Search This Blog

Friday, May 25, 2007

Pacific Lumber's current problems were apparent two decades ago


Dear Editor,

Just recently, Pacific Lumber has claimed that regulations placed on timber harvesting have ultimately forced them to file for Chapter 11 bankruptcy protection. This is a ridiculous rationalization, especially considering the source.

If you know your local logging history, the old PALCO was much more compassionate to employees and the environment. In 1985, Texas-based MAXXAM Corp., headed by Charles Hurwitz, “purchased” PALCO through the nefarious manipulation of junk bonds. Workers and community residents opposed to the hostile takeover of the largest commercial employer in the area warned of the pending liquidation of PALCO and the future losses to employees, the community and the local environment.

After more than two decades, the signs of PALCO’s failures are more than apparent; you would have to be both blind and deaf not to acknowledge the tragedies that have been felled upon the local economy and environment. From stripped employee wages, benefits and retirement plans, to the stripped hillsides that in the past used to remind us that we lived in an untouched paradise, MAXXAM hijacked the small town steward of our forests. Cutting rates tripled, hillsides slid and, most troubling, loggers and protesters were injured. Some were even killed.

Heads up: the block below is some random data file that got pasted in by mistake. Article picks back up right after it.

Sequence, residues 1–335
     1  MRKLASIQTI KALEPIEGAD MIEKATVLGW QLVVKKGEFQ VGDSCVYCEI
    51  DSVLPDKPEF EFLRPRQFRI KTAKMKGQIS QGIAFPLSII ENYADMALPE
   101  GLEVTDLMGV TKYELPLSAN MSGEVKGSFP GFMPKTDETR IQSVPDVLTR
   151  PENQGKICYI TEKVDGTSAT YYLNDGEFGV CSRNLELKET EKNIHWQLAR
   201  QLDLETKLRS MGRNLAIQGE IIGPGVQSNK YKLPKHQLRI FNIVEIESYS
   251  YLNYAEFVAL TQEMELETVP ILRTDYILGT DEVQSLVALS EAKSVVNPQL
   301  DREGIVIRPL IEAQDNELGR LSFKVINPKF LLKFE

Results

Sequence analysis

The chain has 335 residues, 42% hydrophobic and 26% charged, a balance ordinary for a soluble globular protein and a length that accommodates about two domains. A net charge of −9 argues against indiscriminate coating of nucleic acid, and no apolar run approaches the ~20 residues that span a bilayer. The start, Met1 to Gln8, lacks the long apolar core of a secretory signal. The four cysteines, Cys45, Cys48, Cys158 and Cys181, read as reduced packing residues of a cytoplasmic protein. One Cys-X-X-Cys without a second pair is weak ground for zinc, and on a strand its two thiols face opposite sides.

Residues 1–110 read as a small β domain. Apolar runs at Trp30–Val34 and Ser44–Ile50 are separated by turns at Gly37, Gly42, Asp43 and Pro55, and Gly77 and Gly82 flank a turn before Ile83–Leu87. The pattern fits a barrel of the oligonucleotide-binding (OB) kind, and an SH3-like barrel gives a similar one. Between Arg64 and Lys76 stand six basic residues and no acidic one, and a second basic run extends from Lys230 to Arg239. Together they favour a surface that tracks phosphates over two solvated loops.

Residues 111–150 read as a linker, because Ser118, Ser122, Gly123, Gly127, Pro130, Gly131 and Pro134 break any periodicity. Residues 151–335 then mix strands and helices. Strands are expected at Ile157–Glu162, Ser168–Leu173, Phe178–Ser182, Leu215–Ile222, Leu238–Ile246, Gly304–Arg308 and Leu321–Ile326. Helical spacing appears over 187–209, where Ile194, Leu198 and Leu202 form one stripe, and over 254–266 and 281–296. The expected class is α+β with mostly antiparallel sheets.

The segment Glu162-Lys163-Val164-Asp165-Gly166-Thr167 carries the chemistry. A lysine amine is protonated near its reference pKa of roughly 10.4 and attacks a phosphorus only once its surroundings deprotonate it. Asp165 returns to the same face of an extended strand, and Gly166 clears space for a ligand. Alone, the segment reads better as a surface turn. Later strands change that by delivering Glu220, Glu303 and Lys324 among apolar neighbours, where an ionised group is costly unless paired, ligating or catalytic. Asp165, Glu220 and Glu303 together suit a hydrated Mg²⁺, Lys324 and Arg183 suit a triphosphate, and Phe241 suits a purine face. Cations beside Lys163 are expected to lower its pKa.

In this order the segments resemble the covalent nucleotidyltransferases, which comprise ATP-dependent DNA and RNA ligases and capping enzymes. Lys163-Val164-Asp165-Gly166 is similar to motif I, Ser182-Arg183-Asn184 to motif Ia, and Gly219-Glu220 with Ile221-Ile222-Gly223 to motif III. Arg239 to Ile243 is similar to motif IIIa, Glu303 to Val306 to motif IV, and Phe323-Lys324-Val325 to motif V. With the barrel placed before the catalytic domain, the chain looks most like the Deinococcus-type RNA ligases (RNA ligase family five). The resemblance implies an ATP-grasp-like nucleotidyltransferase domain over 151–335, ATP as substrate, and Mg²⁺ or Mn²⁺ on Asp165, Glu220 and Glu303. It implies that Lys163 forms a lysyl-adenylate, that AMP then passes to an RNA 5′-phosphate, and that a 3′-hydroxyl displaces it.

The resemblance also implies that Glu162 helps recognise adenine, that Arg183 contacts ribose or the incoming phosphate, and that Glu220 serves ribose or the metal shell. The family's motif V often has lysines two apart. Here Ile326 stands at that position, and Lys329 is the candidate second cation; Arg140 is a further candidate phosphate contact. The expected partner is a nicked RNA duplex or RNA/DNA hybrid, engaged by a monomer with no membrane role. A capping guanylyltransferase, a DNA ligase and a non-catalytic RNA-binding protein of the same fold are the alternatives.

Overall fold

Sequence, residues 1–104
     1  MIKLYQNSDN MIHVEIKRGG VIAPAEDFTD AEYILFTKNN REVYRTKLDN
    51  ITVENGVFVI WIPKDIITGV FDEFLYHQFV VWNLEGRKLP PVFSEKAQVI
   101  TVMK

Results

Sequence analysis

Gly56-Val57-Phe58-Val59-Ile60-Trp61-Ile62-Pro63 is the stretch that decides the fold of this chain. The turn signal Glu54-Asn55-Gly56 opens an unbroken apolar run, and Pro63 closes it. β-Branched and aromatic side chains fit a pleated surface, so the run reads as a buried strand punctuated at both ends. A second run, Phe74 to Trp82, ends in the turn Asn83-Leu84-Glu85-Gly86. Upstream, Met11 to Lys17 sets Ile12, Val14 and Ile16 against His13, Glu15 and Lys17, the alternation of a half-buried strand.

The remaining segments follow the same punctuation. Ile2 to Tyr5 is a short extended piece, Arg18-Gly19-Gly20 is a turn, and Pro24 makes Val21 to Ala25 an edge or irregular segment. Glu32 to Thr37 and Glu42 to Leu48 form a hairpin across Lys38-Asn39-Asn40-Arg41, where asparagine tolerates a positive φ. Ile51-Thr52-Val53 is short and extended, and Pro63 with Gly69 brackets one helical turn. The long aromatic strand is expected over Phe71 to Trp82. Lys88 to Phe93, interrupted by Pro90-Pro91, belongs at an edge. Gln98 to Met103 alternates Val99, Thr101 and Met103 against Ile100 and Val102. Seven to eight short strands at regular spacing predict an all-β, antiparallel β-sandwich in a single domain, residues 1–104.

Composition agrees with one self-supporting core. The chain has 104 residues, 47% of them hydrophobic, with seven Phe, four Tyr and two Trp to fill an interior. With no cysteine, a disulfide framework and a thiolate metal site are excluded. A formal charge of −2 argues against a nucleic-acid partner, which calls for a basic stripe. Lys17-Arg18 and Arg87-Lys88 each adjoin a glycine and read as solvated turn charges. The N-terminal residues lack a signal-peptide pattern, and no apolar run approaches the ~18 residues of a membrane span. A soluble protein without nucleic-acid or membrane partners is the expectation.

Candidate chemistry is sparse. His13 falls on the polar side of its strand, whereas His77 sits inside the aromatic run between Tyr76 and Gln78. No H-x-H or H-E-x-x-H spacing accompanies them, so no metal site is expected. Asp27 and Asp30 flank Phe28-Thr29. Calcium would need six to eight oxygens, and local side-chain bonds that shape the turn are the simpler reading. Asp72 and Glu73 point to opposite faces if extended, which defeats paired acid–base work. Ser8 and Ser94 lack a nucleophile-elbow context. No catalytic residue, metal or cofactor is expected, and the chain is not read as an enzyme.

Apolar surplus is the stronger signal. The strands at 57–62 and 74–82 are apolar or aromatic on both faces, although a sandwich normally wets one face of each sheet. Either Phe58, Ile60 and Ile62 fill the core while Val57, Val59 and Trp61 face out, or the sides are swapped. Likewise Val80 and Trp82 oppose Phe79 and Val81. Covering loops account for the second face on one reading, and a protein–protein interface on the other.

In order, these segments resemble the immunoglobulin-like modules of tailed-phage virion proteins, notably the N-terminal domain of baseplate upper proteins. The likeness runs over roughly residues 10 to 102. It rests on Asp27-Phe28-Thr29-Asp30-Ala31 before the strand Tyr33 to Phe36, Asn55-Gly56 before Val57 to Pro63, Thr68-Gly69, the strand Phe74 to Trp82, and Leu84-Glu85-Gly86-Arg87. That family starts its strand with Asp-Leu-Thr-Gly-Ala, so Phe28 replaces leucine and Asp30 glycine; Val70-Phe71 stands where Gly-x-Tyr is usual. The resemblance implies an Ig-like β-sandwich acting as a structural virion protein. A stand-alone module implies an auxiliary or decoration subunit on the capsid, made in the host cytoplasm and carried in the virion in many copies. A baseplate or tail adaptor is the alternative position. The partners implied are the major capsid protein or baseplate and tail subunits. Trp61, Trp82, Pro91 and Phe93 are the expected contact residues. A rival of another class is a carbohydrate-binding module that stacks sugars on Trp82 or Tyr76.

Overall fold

PALCO’s policy of blaming environmentalists and regulatory agencies for debts and financial woes has not changed, even after two decades. Instead of finding creative and sustainable ways of paying off Hurwitz’s junk-bond debt, PALCO continues to point its finger in the wrong direction. PALCO continues to liquidate its tree inventory, just as Hurwitz continues to liquidate PALCO of its assets. PALCO has not changed much in the past two decades. Even the scapegoats remain the same.

Jeff Muskrat


Copyright (C) 2005, The Eureka Reporter. All rights reserved.

No comments: